Style

'Aso Oke: The Woven Beauty,' Tunde Owolabi's New Exhibition In Lagos

Tunde Owolabi's 'Aso Oke - The Woven Beauty' is on display November 16th- 22nd at the Red Door Contemporary Art Gallery in Lagos.


If cotton is for comfort and viscose for drape, then Nigerian Aso Oke [ah-SHAW-okay] is for shakara. Originating from the Yoruba culture, Aso Oke is a handwoven textile that holds both cultural value and beauty. Traditionally worn for special occasions such as weddings or naming ceremonies, Aso Oke is a marker of Yoruba heritage that transcends Nigeria. From Monday, November 16th-22nd, at the Red Door Gallery in Lagos, Nigerian visual artist Tunde Owolabi will be showcasing the fabric at his second solo exhibition, Aso Oke - The Woven Beauty. Using Aso Oke as a tapestry of history and cultural heritage, Owolabi has created narratives through paintings, photography, sound and film installations, photo-painting, and mixed media to preserve one of the few surviving forms of textile designs left in Nigeria. Explains Owolabi:

“The reason I chose aso-oke is because of its cultural value and vibrancy. While learning about it, I realised there is more to the fabric. The dynamism with which it has evolved over time from the traditional type to the more modern aso-oke we see lately also got me interested. The process of making it alone is an art that leaves no gender out of the fun and experience. These days, weddings and other occasions are incomplete without aso-oke, and that shows the power and importance of this fabric. It was created by the Yoruba people of Nigeria for the world. I want to make people appreciate this fabric more, and see how much of an art it is. If we don’t celebrate what we have, no one will.”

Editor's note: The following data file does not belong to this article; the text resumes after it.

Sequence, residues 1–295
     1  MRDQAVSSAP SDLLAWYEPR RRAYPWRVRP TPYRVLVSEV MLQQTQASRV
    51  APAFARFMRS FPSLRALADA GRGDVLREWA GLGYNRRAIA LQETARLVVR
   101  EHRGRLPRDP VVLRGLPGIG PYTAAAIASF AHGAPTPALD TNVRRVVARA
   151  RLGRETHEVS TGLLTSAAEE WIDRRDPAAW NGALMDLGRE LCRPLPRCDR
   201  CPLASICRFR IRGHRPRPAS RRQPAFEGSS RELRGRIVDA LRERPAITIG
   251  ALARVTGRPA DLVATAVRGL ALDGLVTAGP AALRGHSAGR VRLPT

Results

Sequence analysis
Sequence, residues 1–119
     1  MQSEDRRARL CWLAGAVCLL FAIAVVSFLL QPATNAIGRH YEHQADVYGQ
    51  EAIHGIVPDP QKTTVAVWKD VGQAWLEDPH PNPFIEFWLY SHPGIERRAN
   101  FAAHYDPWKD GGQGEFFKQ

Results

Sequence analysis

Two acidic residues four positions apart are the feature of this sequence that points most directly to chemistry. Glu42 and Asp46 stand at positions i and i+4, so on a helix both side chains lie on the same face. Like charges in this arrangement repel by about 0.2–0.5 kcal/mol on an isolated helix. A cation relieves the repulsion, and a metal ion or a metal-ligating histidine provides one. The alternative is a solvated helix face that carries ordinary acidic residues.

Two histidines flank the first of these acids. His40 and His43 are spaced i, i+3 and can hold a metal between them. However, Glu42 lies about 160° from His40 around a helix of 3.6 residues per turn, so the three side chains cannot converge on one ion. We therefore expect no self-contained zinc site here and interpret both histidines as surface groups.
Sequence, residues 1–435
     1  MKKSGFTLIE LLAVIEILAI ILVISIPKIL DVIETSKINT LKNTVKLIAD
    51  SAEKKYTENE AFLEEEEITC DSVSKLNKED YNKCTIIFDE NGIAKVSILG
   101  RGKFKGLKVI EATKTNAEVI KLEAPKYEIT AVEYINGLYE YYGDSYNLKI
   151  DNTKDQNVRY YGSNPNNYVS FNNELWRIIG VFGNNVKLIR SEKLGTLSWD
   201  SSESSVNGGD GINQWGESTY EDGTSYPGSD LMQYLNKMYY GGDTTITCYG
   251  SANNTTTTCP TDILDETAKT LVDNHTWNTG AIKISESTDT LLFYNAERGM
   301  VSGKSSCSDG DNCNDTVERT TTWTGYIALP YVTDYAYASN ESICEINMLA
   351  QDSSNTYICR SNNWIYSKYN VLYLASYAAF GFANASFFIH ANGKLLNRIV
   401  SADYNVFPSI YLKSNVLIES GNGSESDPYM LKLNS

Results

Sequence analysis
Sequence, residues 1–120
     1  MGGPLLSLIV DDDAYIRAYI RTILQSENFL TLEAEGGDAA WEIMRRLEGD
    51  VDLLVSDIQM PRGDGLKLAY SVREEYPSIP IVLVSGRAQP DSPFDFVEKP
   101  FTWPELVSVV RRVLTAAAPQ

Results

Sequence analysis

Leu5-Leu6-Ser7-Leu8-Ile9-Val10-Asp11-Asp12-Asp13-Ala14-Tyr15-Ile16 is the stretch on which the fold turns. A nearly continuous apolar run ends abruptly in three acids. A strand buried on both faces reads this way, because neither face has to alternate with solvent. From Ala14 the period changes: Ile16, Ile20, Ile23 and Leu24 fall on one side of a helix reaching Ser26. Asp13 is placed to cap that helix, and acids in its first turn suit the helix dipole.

Tunde Owolabi's Aso Oke - The Woven Beauty is on display Monday, November 16th through November 22nd at the Red Door Gallery in Lagos. Admission is free. See more photos from the exhibition below.

All photos credited to Tunde Owolabi

Music

6 Samples From 'Éthiopiques' in Hip-Hop

A brief history of Ethio-jazz cultural exchange featuring songs by Nas & Damian Marley, K'naan, Madlib and more.

This article was originally published on OkayAfrica in March, 2017. We're republishing it here for our Crossroads series.

It's 2000 something. I'm holed up in my bedroom searching for samples to chop up on Fruity Loops. While deep into the free-market jungle of Amazon's suggested music section, I stumble across a compilation of Ethiopian music with faded pictures of nine guys jamming in white suit jackets. I press play on the 30 second sample.

My mind races with the opportunities these breakbeats offered a budding beat maker. Catchy organs, swinging horns, funky guitar riffs, soulful melodies and grainy and pained vocalists swoon over love lost and gained. Sung in my mother tongue—Amharic—this was a far cry from the corny synthesizer music of the 1990s that my parents played on Saturday mornings. I could actually sample this shit.

The next day, I burn a CD and pop it into my dad's car. His eyes light up when the first notes ooze out of the speakers. “Where did you get this?" He asks puzzlingly. “The internet," I respond smiling.

In the 1970s my dad was one of thousands of high school students in Addis Ababa protesting the monarchy. The protests eventually created instability which lead to a coup d'état. The monarchy was overthrown and a Marxist styled military junta composed of low ranking officers called the Derg came to power. The new regime subsequently banned music they deemed to be counter revolutionary. When the Derg came into power, Amha Eshete, a pioneering record producer and founder of Ahma Records, fled to the US and the master recordings of his label's tracks somehow ended up in a warehouse in Greece.

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